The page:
Finally, isn't this release, whether legal or illegal, a subtle admission by Obama that increased supply brings down prices? I won't hold my breath though that he has finally embraced free market principles. Obama could leave alone the SPR and simply announce that he will lift moratoriums, both explicit and bureaucratic, to bring down prices. This must include calling off the EPA attck dogs too.

    3. Bobbie says:

      Only a mind with the will to destroy a country would consider the country's LIMITED strategic oil supply when there is an abundance of natural resources in various locations that could build the economy in various ways.

    4. John B. Williams says:

      None of the three conditions exists at the present time. The President's decision to do this now shows that he is a day late and a dollar short. We needed this when the price of gasoline skyrocketed and he violated our own Constitution by ordering an attack on Libia. If anything should happen, Joe Biden should make good on his threat and impeach this President for violating the Constitution AGAIN. You and I know were a Republican President to violate the Constitution as many times as this President has, he'd be dragged out of the White House kicking and screaming. So why is this President able to get away with it? Because the last three Presidents stacked the deck. Put their cronies in key positions in each of the three branches of Government so they could accomplish THEIR agenda.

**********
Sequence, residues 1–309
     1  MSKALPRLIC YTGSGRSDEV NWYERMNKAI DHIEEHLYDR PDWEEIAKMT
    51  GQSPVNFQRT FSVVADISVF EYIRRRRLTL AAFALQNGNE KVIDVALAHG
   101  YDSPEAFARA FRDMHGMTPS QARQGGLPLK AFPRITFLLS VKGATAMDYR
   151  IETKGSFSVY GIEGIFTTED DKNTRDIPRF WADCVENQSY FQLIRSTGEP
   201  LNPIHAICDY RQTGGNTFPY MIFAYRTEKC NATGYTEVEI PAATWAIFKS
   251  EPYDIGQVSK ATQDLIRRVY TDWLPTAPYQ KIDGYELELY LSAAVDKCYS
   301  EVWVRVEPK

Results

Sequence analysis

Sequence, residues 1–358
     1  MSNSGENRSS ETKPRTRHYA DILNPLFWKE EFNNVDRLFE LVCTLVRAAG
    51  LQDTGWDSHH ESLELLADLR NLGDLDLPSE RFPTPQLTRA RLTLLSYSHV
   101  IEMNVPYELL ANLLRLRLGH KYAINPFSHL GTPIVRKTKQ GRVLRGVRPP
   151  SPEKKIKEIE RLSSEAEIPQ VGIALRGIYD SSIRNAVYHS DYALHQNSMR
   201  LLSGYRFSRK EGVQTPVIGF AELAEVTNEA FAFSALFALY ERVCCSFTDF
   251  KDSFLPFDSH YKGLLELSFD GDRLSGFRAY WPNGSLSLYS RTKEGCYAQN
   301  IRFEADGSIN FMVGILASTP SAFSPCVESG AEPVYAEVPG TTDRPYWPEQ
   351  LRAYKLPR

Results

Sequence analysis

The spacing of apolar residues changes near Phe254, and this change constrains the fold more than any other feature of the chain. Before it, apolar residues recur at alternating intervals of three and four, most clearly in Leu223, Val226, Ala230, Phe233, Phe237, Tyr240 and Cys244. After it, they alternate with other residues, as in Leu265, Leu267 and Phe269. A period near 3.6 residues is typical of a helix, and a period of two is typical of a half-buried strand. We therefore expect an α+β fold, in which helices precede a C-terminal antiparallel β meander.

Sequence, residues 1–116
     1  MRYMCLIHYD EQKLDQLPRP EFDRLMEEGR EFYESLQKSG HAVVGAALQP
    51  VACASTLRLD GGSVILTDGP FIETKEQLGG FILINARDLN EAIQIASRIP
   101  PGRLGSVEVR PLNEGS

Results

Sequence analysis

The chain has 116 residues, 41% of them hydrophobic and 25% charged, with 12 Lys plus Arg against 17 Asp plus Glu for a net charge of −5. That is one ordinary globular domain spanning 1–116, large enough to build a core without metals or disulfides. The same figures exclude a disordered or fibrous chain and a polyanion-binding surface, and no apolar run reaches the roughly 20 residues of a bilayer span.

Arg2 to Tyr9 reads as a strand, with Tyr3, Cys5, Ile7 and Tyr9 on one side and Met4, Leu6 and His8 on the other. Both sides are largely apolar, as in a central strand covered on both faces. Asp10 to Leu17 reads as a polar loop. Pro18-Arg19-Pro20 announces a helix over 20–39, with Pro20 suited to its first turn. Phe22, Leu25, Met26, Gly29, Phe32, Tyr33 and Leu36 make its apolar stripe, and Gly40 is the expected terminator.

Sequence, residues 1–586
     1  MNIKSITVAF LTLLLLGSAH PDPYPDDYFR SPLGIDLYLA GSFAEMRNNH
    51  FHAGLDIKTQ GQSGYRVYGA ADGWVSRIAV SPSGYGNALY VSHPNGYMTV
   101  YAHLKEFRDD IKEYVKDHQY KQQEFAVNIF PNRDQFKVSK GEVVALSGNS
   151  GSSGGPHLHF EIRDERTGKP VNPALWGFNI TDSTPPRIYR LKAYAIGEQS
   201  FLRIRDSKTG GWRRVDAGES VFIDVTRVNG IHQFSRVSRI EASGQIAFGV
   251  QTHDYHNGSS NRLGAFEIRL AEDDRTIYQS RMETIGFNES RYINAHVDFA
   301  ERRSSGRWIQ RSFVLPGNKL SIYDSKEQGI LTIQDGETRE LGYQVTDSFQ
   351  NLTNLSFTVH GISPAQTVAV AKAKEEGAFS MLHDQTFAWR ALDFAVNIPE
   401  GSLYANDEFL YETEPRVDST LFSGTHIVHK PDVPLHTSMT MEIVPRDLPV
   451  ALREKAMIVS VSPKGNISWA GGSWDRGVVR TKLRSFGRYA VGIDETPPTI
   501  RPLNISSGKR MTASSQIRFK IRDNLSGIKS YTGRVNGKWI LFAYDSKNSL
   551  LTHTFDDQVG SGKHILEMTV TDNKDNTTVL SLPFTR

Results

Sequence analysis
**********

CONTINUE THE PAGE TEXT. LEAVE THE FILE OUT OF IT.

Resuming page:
5. Ed Foster says:

      Do I misremember, or was it not the stated intention of the Obama administration to come up with a way to increase the cost of gasolene to the level suffered by Europeans? Now that they've almost achieved their wish and the election season is beginning, they are afraid of the reaction of the American people to their idiocy.

    6. derekcrane says:

      This move is long overdue. Obama finally gets something right! In addition to crushing some of the longs (the speculative demand for crude is the marginal force driving the market), the government gives a warning that the oil in the SOR will be occasionally released to calm the markets. This is also good business — buy low, sell high. These reserves can be replaced when crude oil falls to $30 a barrel (which it will within a year). There is a very low probability that we will experience, "shocks from sudden disruptions in oil supplies," during this time.

    7. derekcrane says:

      This move is long overdue. Obama finally gets something right! In addition to crushing some of the longs (the speculative demand for crude is the marginal force driving the market), the government gives a warning that the oil in the SPR will be occasionally released to calm the markets. This is also good business — buy low, sell high. These reserves can be replaced when crude oil falls to $30 a barrel (which it will within a year). There is a very low probability that we will experience, "shocks from sudden disruptions in oil supplies," during this time.